From heating and cooling our homes, to getting us to the places we need to go, we rely on this domestic oil and natural gas to power the things we use every day. And as the balanced energy capital of the West, oil and natural gas combined with geothermal, hydro-electric, biofuels, solar and wind energy support a sustainable energy future right here in Colorado. Of all these fuels, natural gas has risen to become the second-largest energy fuel source in Colorado, and its use is quickly expanding across the country.
A: Multiple studies have now found that fracking does not contaminate groundwater, including The Environmental Protection Agency (EPA), which confirmed that fracking doesn’t cause “widespread, systemic” water contamination.
Colorado has some of the nation’s strictest water regulations, which help make sure that our water is safe for all Coloradans.
What Makes Colorado’s Water Regulations Unique?
To learn more about Colorado’s water regulations, visit the Colorado Oil and Gas Conservation Commission (COGCC) website.
A: Numerous federal, state and local laws regulate fracking to minimize its impact on the environment. Coupled with advancements in oil and natural gas technology, fracking is helping curb air pollution. Here’s how:
Clean-burning natural gas from fracking helped curb U.S. carbon emissions to 20-year lows in 2013.
In February 2014, Governor Hickenlooper announced groundbreaking standards for methane emissions—making Colorado’s air regulations the strictest in the nation.
For a full list of air regulations see here.
A: In Colorado, underground minerals may belong to the surface owner or a third party and developing those minerals is considered a private property right. Often, different parties own the surface and the subsurface, commonly referred to as severed or split estate lands. According to an Oklahoma University state-by-state study, more than 600,000 people have Colorado mineral rights.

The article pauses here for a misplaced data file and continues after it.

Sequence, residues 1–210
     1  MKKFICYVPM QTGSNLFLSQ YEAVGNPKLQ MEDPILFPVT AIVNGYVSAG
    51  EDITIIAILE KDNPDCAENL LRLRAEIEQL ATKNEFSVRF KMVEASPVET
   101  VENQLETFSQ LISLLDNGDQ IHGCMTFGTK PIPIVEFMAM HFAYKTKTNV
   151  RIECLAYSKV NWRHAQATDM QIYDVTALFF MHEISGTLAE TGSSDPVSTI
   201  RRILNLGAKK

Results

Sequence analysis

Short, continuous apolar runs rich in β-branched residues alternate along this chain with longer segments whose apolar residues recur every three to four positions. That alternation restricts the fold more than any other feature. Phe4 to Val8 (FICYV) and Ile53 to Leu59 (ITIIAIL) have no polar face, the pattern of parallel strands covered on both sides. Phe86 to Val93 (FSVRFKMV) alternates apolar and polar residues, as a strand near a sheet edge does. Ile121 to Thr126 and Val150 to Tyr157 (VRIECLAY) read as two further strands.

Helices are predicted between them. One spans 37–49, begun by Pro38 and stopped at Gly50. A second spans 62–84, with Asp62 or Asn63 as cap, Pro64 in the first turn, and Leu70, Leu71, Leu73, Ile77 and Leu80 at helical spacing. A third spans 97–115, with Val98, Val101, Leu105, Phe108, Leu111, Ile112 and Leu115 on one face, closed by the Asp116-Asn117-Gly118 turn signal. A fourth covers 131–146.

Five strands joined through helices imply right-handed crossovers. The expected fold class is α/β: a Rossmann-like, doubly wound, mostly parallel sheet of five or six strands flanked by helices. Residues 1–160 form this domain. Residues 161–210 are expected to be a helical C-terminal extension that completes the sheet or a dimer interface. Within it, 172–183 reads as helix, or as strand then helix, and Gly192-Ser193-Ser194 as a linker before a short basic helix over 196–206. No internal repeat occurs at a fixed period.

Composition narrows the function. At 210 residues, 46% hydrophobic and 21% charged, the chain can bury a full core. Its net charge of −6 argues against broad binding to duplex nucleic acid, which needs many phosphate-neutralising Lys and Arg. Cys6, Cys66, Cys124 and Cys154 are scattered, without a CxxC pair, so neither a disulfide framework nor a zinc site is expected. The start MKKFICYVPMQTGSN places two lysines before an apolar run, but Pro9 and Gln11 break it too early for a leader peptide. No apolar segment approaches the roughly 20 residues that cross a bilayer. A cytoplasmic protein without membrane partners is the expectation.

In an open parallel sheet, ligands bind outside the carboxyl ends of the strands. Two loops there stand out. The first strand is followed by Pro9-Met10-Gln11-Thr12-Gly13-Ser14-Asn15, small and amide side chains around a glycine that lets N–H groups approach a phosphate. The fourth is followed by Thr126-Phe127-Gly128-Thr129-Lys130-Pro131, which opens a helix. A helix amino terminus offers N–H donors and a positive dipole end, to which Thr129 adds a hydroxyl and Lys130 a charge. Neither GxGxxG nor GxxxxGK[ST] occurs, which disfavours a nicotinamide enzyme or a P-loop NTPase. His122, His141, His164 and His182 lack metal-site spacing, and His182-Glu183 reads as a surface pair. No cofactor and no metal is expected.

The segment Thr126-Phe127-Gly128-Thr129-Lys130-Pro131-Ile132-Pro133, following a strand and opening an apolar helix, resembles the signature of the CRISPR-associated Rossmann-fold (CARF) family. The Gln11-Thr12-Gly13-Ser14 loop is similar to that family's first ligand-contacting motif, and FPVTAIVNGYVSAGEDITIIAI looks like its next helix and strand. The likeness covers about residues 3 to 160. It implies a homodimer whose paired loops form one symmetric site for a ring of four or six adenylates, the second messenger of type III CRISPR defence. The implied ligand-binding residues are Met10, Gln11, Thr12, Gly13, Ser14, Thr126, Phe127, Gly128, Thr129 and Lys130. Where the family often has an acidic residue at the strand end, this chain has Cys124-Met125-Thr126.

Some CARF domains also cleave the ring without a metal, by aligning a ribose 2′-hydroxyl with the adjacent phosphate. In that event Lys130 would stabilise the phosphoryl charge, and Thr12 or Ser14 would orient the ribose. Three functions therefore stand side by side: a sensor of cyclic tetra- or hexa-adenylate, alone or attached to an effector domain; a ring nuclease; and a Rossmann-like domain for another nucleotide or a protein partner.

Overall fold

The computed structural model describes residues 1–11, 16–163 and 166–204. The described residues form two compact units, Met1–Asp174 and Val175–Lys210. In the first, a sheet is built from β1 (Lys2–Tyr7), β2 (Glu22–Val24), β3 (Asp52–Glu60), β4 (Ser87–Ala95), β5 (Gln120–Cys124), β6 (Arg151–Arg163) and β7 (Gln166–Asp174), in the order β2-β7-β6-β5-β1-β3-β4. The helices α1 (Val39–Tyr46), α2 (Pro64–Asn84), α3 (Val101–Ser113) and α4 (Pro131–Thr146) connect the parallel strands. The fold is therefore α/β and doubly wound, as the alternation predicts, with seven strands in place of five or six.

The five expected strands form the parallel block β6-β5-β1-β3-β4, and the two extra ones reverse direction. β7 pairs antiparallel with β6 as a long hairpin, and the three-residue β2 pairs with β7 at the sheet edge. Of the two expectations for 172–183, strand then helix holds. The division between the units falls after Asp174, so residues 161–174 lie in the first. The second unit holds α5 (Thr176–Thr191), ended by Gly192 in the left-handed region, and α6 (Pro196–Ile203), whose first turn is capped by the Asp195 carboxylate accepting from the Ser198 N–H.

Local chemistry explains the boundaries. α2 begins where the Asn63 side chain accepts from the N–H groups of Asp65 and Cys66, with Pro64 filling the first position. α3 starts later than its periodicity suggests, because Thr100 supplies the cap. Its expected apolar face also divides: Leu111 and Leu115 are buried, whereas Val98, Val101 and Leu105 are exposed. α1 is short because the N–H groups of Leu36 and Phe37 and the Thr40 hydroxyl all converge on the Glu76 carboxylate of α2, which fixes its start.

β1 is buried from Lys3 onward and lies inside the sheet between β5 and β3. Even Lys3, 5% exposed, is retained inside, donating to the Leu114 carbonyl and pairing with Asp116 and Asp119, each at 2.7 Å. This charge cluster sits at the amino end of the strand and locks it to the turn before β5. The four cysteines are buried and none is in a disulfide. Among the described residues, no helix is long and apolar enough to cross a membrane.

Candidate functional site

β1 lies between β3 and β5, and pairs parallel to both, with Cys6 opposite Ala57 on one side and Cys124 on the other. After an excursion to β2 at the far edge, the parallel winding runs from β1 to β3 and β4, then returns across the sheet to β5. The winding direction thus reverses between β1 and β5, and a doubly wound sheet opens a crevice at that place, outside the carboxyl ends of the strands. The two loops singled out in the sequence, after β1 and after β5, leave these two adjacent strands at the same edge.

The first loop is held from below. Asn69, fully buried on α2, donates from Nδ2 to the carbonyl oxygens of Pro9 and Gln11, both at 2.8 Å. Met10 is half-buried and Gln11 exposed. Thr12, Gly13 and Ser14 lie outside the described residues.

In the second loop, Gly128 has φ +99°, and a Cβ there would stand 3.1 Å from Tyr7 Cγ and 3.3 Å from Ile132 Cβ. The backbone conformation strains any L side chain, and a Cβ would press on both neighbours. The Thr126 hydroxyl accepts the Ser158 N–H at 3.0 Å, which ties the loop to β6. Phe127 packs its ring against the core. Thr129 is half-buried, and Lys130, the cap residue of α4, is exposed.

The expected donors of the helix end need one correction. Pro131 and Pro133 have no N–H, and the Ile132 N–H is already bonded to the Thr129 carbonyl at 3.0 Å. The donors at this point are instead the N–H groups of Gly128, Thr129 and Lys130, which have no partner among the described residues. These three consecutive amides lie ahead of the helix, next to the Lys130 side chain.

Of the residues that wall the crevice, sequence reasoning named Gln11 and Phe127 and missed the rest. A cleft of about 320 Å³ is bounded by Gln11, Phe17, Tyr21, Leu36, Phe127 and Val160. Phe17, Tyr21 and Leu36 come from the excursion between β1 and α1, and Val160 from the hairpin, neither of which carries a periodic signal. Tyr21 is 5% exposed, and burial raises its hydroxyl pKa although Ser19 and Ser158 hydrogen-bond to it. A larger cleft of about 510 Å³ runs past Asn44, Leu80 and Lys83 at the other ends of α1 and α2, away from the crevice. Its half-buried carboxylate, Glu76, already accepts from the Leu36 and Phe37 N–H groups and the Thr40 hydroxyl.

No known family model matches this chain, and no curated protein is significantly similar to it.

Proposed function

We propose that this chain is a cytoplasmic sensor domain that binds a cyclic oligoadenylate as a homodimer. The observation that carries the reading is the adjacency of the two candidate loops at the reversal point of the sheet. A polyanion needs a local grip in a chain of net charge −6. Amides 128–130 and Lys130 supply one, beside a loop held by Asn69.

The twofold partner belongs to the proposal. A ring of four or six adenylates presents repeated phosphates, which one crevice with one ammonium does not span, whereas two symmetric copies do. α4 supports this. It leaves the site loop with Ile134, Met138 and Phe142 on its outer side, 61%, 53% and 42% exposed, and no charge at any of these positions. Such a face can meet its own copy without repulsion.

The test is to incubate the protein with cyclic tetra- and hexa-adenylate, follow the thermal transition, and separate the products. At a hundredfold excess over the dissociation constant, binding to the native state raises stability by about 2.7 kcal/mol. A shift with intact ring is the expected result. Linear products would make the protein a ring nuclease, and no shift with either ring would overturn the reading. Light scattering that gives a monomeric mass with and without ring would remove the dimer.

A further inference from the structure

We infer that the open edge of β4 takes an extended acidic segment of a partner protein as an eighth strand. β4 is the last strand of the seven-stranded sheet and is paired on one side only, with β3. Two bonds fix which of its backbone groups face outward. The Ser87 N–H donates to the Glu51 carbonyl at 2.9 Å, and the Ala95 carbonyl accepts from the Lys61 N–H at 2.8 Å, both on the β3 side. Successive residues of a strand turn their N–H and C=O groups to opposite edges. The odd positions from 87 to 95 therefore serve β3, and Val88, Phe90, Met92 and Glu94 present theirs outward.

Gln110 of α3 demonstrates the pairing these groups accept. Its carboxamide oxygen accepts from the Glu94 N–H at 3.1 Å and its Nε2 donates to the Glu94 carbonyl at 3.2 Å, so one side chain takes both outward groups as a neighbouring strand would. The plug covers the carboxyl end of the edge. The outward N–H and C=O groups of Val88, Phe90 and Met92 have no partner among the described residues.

Royalty payments are a percentage share of the production of oil and natural gas paid to the mineral owner. These payments are based on the value of the energy extracted and go into effect as soon as production begins. Periods of higher production will yield higher royalty payments than periods where production has slowed down.
Some Coloradans rely on income from oil and natural gas development to help sustain farming operations and mineral rights can be distributed through inheritances, which can split the mineral estate between heirs.
The National Association of Royalty Owners (NARO) released a report in June 2014 that found a ban on fracking in Boulder County, Colorado alone would cost taxpayers over $1 billion in compensation to mineral owners and those who receive royalties from energy development on their property.
A: Colorado has some of the toughest setback regulations in the nation. Current regulations require oil and natural gas wells to be set back at least 500 feet from homes and 1,000 feet from high-occupancy buildings, such as schools or hospitals.
A: Over the last seven years, Colorado has continuously improved the state’s oil and natural gas regulations so that they are some of the strictest regulations in the nation. Current setback distances keep the environment and communities surrounding oil and natural gas development sites safe, while fostering economic prosperity in Colorado. With setbacks at 500 and 1,000 feet, Colorado’s 600,000 mineral rights owners can still reap the valuable benefits of their oil and natural gas royalties.
Click here to learn more about about Colorado’s existing setbacks.